• In December 2021, media carried the news that Beijing had sought additional guarantees from Islamabad before sanctioning a loan of USD 6 billion for its Railway Main Line 1 [ML1] CPEC project. Though Beijing dismissed this report, but the more than a year long-delay in releasing funds led to strong suspicions that something was indeed amiss. It’s now emerged that that there was indeed serious differences between the two “all weather friends-” while Islamabad wanted the loan in USD and that too at concessional rates of interests, Beijing insisted disbursing the same in Chinese renminbi [RMB] and with a mix of concessional and commercial interest rates. That Beijing finally prevailed comes as no big surprise and so a ‘penny-wise and pound-foolish’ Islamabad has agreed to take this loan on both concessional and commercial interest rates as well in partly in USD and the remainder in RMB. So, hasn’t the Chinese ‘dragon’ skilfully used the CPEC and Belt and Road Initiative [BRI] excuse for sticking its ‘nose’ inside Pakistan?
  • By leasing out land in possession of Pakistan Navy and Coast Guards at Gwadar to Chinese companies under the ‘Pak-China Gwadar Port Agreement’, Islamabad has allowed the Chinese ‘dragon’ to make deeper inroads into the country. Furthermore, does not handing over management of Gwadar port to China, give the creepy feeling of a ‘silent Hambantota’ unfolding in Pakistan? So, apprehensions of opposition parties that the control of Bundal and Buddo islands may well go the Gwadar way are justified.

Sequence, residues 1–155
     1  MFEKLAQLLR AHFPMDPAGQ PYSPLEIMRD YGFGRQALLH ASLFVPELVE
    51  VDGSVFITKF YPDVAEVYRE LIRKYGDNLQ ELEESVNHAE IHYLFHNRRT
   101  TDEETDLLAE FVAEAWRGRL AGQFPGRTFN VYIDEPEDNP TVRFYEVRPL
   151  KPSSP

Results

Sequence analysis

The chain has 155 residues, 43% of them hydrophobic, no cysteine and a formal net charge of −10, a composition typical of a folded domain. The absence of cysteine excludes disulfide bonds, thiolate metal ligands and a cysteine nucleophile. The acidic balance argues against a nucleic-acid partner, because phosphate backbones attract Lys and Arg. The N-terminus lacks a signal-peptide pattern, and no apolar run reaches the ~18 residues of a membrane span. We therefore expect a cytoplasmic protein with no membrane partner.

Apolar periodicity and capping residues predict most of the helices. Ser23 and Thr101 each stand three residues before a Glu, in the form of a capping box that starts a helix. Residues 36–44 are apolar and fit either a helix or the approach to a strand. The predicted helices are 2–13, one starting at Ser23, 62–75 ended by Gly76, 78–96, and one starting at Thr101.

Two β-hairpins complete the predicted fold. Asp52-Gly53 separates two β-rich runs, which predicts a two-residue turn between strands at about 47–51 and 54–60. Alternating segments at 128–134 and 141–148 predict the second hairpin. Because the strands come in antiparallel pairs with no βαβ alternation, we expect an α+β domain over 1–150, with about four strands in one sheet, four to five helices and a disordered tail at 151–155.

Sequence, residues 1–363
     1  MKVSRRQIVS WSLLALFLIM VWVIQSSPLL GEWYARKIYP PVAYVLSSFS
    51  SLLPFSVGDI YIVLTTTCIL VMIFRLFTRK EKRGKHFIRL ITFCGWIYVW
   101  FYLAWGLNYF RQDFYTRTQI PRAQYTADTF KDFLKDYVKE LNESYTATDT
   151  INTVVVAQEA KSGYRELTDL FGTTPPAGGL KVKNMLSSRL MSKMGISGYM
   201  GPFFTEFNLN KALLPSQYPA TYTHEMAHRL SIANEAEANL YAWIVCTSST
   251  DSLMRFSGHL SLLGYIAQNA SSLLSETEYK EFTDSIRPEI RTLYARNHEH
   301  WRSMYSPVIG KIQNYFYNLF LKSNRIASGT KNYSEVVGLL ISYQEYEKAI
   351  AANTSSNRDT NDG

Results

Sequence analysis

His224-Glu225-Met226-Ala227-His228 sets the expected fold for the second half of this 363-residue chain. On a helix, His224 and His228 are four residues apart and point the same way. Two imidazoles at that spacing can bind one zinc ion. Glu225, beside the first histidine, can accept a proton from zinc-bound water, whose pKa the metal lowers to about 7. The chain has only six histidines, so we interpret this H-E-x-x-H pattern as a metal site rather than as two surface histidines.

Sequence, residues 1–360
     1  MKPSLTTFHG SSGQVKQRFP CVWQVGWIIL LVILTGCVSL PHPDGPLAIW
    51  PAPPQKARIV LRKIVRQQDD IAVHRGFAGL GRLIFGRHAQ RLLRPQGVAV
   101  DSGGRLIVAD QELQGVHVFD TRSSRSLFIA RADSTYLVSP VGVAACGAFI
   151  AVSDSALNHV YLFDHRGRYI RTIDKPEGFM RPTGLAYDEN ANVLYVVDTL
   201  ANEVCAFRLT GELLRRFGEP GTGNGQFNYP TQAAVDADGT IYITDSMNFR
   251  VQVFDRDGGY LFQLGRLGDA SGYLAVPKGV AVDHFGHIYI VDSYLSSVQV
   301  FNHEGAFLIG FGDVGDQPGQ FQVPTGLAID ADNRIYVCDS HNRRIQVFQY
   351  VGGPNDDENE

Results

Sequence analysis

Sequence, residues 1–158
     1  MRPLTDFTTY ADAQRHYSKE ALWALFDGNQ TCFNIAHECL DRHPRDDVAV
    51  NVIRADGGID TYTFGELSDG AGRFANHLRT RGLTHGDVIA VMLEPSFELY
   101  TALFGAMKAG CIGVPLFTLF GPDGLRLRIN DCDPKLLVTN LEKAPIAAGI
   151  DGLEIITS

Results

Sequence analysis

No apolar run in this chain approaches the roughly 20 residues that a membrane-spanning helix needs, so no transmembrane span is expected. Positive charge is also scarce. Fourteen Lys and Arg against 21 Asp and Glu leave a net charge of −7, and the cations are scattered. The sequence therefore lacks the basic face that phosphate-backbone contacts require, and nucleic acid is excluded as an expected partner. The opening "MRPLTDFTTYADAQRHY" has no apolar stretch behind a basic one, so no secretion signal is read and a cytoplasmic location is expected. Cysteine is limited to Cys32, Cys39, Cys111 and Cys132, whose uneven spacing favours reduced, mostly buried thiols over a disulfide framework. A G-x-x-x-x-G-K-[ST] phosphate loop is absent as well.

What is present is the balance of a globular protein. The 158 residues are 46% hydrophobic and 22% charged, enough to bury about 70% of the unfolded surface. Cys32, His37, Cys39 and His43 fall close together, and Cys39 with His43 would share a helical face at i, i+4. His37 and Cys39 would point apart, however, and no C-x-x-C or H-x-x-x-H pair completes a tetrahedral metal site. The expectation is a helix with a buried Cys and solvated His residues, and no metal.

• Has not the allotment of land being utilised by Pakistan Navy and coast guards to “Chinese concession holders" for Gwadar Free Zone, its port operations and the Eastbay Expressway project, Islamabad, facilitated the Chinese ‘dragon’ in inextricably establishing itself on Pakistani soil?

Both Islamabad and Rawalpindi wax eloquent on national security and sovereignty being paramount and non-negotiable. However, by stating that Pakistan would have to handover defence-land in Gwadar to “Chinese concession holders” in order to fulfil its “international obligation” [a euphemism for Beijing’s arm-twisting], the Ministry of Maritime Affairs has indicated otherwise. So, those who still feel that CPEC and BRI are projects with ‘no-strings-attached’, need to wake up and smell the coffee because Beijing has already started extracting its pound of flesh and the issues discussed above are just a tip of the iceberg!